This scene was diluted to remove these lines, and in the finished film the insert shot instead has the interviewer say, “Senator, it sounds as if you want to lead the kind of charge – that Senator Church led in the 70’s, and destroy the U.S.’ intelligence capability.” The senator simply responds, “I want to know who they are and how they’re spending the taxpayers’ money. We were living in a democracy the last time I checked.”
Instead of the dialogue being a pointed critique of the CIA and Pentagon’s secret, black operations, it became a dig at the Church Committee, denoting anyone who tries to provide oversight of the CIA as a threat to the nation.
The Pentagon Censors Black Operations in Hollywood Scripts
The Pentagon has also shaped and censored movies to cover up for black operations it would rather the public at large not know about. A database on its work with Hollywood shows how the CIA rejected Seven Days in May (1962), “in light of story of the Chairman of the Joint Chiefs of Staff planning a coup because the president signed a disarmament treaty.” A few years later, the CIA pushed John Wayne’s The Green Berets (1968) to delete references to over-the-border raids into Laos.
Other films were not so lucky. In 1986 the producers of The Best Ranger approached the DOD for help, but were turned down “because the U.S. military becomes involved in a fictional military attempt on President Aquino’s life and a take-over of the government of the republic of the Philippines.” The film was never made.
Similarly, Counter Measures—a high-cast movie from the 1990s about a weapons-smuggling conspiracy on board a U.S. aircraft carrier—was turned down because the DOD saw “no reason to denigrate the White House or remind the public of the Iran-Contra affair.” It too was never made.
Iron Man to the Rescue in Afghanistan
Since the turn of the 21st century and the arrival of the information age, the strategy appears to have changed. These days it is easy enough for anyone to simply search “CIA coup d’états” and find no end of open-source material, even Agency documents describing in detail how, for example, it used false-flag “sham bombings” during the coup in Iran in 1953.
This shifting of the outer limits of public knowledge means that simply denying that these sorts of operations take place is no longer a viable option, and so censoring them out of movie and TV scripts accomplishes very little. Instead, the CIA and DOD have switched gears and are now trying to normalize these actions, even using superhero movies to try to make them seem cool.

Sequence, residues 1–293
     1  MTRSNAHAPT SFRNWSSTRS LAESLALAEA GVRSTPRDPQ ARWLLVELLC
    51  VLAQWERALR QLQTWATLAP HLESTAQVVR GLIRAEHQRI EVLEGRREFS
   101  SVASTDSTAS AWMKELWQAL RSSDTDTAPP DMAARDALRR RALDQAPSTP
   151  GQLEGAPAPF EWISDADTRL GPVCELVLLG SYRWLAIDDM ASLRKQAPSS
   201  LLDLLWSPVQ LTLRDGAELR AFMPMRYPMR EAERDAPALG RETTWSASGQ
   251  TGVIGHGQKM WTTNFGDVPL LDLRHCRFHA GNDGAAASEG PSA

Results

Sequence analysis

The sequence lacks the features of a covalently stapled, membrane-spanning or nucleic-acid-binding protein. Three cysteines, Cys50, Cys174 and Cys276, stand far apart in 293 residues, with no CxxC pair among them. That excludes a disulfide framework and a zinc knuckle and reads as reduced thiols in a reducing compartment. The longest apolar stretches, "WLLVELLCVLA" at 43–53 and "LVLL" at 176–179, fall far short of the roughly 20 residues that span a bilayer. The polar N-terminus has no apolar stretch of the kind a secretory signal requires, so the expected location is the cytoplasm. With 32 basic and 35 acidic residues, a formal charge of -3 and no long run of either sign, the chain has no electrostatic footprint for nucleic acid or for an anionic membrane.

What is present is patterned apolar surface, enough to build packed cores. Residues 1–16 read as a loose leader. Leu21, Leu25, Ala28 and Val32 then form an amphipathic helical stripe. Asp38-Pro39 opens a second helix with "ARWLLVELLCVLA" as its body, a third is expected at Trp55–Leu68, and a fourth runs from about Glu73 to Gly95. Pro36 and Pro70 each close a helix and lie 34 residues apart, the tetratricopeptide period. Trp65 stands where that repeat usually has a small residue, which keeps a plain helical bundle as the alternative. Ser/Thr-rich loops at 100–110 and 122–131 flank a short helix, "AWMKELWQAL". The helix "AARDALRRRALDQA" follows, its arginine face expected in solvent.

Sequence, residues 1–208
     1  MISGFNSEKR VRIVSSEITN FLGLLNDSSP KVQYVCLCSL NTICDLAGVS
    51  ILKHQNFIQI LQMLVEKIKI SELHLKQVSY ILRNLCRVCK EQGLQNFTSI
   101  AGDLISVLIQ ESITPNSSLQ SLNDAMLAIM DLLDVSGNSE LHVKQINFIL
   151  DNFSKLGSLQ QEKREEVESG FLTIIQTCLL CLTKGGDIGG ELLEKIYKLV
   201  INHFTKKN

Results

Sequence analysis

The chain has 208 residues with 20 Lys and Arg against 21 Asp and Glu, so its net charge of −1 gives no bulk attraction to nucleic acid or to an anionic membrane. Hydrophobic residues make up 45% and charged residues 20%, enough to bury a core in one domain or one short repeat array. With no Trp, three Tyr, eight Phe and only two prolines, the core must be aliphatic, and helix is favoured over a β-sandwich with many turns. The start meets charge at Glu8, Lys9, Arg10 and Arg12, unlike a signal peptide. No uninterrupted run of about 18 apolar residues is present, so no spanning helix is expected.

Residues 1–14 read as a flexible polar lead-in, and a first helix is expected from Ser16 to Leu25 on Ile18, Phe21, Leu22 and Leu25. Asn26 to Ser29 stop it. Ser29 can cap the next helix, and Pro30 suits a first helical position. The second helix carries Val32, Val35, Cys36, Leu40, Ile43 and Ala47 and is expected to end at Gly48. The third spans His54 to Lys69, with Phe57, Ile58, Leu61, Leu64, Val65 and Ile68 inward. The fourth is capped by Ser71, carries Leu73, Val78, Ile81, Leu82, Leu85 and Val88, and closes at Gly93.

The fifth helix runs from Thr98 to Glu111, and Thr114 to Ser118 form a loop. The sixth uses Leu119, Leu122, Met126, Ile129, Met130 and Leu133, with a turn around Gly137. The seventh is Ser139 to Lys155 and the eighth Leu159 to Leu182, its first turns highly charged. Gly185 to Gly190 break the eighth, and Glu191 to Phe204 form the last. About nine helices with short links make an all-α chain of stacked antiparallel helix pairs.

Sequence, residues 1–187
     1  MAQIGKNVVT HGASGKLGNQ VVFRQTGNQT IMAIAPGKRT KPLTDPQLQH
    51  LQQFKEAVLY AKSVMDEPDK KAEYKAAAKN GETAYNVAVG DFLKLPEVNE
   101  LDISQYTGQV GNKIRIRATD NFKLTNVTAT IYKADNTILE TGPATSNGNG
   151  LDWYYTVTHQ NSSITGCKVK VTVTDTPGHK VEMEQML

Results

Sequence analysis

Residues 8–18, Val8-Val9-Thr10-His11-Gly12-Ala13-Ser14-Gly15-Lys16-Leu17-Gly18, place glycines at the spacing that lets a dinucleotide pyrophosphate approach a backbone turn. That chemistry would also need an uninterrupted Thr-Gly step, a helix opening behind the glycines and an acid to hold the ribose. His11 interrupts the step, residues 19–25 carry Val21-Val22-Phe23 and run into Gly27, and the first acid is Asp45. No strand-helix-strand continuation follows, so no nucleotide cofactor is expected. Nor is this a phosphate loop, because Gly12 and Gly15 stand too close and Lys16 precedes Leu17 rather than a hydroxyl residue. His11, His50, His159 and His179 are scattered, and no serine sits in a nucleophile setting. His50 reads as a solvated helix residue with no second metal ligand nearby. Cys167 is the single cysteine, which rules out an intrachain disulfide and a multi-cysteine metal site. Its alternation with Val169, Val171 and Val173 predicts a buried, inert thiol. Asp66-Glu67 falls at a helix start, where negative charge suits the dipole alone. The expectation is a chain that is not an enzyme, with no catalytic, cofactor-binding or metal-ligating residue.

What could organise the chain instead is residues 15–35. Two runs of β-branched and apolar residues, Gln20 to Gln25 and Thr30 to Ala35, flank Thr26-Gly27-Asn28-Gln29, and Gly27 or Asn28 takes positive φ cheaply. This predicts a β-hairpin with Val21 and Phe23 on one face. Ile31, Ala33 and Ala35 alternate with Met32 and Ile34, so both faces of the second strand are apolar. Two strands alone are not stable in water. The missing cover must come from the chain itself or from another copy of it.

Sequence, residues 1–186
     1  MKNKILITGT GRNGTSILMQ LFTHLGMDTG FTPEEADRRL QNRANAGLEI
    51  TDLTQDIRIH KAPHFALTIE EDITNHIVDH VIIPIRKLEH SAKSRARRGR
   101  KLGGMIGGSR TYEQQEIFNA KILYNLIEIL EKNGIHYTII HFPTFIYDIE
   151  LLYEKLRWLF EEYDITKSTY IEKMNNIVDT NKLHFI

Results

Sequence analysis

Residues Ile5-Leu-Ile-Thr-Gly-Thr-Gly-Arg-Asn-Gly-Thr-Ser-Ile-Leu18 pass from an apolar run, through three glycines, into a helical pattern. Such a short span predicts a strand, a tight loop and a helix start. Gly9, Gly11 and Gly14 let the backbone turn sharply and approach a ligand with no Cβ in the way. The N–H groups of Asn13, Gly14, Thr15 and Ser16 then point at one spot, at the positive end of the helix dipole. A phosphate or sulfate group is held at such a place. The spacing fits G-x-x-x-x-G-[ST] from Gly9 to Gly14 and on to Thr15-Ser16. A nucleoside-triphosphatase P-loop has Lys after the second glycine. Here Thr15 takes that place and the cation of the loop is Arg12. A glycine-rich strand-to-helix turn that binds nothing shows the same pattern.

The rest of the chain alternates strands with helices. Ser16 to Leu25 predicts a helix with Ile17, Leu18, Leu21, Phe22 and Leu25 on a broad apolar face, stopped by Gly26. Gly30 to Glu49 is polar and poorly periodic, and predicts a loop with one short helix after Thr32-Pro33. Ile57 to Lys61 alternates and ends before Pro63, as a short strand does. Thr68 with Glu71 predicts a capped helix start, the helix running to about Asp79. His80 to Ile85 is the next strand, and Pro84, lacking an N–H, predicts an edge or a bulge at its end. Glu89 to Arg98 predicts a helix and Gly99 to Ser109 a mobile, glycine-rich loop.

Iron Man (2008) got the ball rolling. An early script shows that the intention was to make a film castigating the military-industrial complex, with Tony rebelling against his father, a major weapons manufacturer. This version was due to go into production in 2005, but the project died before being resurrected as a vehicle to launch Marvel’s Cinematic Universe.
While the original script removed Tony’s Vietnam-era origin story—where he is kidnapped by Vietnamese soldiers and forced to make weapons for them—the newly updated version, with full Pentagon support, simply updated this to Afghanistan. Tony is shown in his full military-industrial glory demonstrating incredibly destructive weapons.
When Tony is kidnapped, the terrorist leader shows off his vast collection of modern weaponry, leading Tony to ask where he got them from. As the film’s director Jon Favreau admitted during an unofficial live commentary for the movie, the leader’s response was “Carter, Reagan, Bush, Clinton, Bush”—a reference to how U.S. foreign policy had resulted in vast quantities of weapons flooding into the region over recent decades. This was removed from the film.
With lines like this nixed from the movie, Iron Man spends most of the second act of the film acting as a hi-tech adjunct to the U.S. military, conducting violent covert operations in Afghanistan while being answerable to no-one. The implication is that being American and having access to high technologies gives one extra-legal rights to do almost anything.
At the same time as Iron Man was filming scenes at Edwards Air Force Base, the actual U.S. military’s Task Force 373 was in action in Afghanistan. In June 2007, armed with HIMARS—High Mobility Rocket Systems, not unlike those on the Iron Man set—they set out to assassinate Abu Laith al-Libi. They killed thirteen people—six that they claim were Taliban fighters, and seven innocent children.